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Recovery running is an aerobic process, and a crucial part of a runner’s training plan to execute correctly. It’s during recovery that adaptations from the hard training take place. In general, recovery runs are the easiest training day of the week, other than rest days, and are generally carried out following a hard session, or perhaps used a lot in a base build for a marathon.

Recovery running increases blood flow to muscles, which brings oxygen to them. During this aerobic process, the increased blood flow brings nutrients to muscles, like amino acids, which in turn help to repair microscopic damage of muscle fibres. By bringing more blood in and out, a better functioning body is the result.

Without easy recovery runs between hard workouts, total volume is low. Volume is one of the most important characteristics of training because of the importance of aerobic development for performance. The better the aerobic base, the more capacity runners have to run faster.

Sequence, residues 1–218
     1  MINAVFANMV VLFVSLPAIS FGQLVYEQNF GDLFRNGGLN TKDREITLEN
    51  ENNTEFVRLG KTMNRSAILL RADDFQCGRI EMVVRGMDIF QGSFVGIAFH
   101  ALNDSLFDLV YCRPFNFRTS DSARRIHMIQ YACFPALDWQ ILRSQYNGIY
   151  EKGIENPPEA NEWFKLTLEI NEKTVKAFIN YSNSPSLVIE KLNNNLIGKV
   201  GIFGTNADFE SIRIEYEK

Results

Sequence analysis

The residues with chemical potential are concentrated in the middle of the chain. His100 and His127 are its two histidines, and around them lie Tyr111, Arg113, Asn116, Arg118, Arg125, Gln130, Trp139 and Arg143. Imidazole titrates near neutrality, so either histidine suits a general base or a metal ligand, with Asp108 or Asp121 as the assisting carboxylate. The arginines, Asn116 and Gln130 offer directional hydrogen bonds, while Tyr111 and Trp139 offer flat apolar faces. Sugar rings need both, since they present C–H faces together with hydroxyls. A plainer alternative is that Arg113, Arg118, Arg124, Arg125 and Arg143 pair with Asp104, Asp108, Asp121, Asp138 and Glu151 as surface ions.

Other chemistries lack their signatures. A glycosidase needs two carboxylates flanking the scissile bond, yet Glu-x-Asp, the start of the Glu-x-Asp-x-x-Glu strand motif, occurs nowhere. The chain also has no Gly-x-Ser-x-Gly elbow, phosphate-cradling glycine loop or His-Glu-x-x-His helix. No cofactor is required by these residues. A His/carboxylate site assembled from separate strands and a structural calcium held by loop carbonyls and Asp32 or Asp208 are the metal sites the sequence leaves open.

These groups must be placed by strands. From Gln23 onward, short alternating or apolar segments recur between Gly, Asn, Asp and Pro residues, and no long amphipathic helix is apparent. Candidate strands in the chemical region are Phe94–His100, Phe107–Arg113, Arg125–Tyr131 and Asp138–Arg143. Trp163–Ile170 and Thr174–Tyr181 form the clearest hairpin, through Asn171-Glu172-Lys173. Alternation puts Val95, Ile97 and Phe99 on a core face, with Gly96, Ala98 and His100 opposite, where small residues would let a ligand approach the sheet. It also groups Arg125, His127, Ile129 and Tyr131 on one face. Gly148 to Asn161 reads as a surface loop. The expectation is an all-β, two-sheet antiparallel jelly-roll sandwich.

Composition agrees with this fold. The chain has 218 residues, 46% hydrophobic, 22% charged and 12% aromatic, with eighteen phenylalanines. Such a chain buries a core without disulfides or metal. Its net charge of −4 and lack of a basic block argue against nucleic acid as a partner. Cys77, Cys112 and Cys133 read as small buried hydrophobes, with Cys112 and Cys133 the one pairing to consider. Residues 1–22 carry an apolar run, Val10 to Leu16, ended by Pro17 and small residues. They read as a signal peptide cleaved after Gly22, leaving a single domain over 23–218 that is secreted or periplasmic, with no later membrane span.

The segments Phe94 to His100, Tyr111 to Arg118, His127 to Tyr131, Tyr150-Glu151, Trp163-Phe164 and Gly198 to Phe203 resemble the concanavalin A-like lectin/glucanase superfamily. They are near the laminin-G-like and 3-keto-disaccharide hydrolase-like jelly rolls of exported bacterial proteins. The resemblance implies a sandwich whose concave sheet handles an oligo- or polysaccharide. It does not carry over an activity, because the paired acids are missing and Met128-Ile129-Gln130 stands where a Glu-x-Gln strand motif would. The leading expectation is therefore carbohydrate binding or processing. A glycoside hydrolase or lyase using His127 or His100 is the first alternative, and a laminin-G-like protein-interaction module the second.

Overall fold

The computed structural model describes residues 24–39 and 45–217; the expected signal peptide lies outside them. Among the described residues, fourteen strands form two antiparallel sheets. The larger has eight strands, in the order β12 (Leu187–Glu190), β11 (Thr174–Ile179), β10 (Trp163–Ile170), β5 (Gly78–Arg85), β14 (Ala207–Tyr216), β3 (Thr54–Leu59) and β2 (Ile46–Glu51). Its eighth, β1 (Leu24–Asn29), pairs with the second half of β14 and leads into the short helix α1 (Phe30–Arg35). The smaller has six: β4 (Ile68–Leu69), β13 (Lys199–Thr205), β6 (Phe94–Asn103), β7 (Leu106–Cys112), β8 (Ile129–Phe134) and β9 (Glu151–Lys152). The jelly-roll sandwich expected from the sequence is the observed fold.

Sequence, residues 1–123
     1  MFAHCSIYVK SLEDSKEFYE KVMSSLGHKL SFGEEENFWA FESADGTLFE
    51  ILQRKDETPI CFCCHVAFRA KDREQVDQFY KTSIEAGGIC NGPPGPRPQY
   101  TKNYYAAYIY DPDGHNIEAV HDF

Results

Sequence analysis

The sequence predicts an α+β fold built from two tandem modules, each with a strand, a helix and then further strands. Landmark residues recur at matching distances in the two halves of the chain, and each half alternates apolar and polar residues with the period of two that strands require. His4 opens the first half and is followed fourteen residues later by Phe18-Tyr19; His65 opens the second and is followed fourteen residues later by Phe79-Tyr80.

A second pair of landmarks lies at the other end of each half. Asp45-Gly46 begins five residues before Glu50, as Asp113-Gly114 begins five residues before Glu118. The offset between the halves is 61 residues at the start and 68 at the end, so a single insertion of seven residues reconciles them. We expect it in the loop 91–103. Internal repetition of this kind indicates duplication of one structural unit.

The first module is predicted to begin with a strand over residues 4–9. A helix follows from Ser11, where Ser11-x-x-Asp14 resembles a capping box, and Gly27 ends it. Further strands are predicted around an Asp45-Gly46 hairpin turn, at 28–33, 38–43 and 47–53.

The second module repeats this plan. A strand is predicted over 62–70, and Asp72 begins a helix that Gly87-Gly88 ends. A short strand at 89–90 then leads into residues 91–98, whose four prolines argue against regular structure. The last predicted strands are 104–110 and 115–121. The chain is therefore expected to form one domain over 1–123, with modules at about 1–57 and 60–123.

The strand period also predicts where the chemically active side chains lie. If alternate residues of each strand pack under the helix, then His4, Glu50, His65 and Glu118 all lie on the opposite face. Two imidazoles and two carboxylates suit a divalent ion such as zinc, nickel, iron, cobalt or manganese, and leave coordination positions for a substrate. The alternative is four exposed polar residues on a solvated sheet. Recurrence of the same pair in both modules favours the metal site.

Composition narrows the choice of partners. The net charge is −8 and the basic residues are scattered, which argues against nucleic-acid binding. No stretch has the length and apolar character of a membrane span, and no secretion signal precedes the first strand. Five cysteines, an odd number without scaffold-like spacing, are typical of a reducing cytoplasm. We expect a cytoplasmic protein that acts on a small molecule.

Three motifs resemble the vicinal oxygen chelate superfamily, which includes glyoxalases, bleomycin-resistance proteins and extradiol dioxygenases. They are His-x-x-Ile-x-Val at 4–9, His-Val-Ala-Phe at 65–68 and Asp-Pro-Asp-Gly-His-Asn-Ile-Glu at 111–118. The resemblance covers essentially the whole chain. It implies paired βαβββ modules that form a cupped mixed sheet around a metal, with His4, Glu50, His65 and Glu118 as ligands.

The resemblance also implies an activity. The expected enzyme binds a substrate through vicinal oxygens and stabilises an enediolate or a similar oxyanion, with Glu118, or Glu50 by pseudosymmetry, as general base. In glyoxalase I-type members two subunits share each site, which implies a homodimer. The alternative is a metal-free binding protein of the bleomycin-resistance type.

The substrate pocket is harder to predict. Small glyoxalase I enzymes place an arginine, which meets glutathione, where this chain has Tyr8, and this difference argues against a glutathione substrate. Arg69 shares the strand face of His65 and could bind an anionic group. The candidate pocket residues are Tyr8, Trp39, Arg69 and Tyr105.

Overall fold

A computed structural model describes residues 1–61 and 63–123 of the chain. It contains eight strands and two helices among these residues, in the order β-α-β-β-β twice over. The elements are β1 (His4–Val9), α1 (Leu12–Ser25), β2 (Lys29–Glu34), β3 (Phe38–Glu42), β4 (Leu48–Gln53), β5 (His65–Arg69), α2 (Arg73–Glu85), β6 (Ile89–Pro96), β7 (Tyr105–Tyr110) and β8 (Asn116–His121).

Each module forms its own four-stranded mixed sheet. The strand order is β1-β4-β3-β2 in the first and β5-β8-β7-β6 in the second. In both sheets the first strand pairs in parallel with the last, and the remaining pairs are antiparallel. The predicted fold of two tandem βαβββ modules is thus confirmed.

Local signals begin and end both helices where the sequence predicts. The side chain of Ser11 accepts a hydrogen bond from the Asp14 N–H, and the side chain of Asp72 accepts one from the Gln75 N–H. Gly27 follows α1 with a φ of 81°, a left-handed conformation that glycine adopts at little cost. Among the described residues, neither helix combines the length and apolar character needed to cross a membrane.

Recovery runs should always be performed at an easy pace. The ideal recovery run pace is the type where you could keep a sustained conversation going. If you’re breaking out into a sweat, you’re running too fast. Another way to check in to see if you are running slow enough is to monitor your heart rate, and ensure you’re running at 70-75% of your maximum heart rate.

Recovery running can also be great for our minds. A chance to relax and de-stress during tough cycles of training, and helping prevent mental burnout.

It can also help to make training more fun; recovery running with a friend can help break up the loneliness that sometimes a marathon cycle can bring.

Written By

Gemma Hockett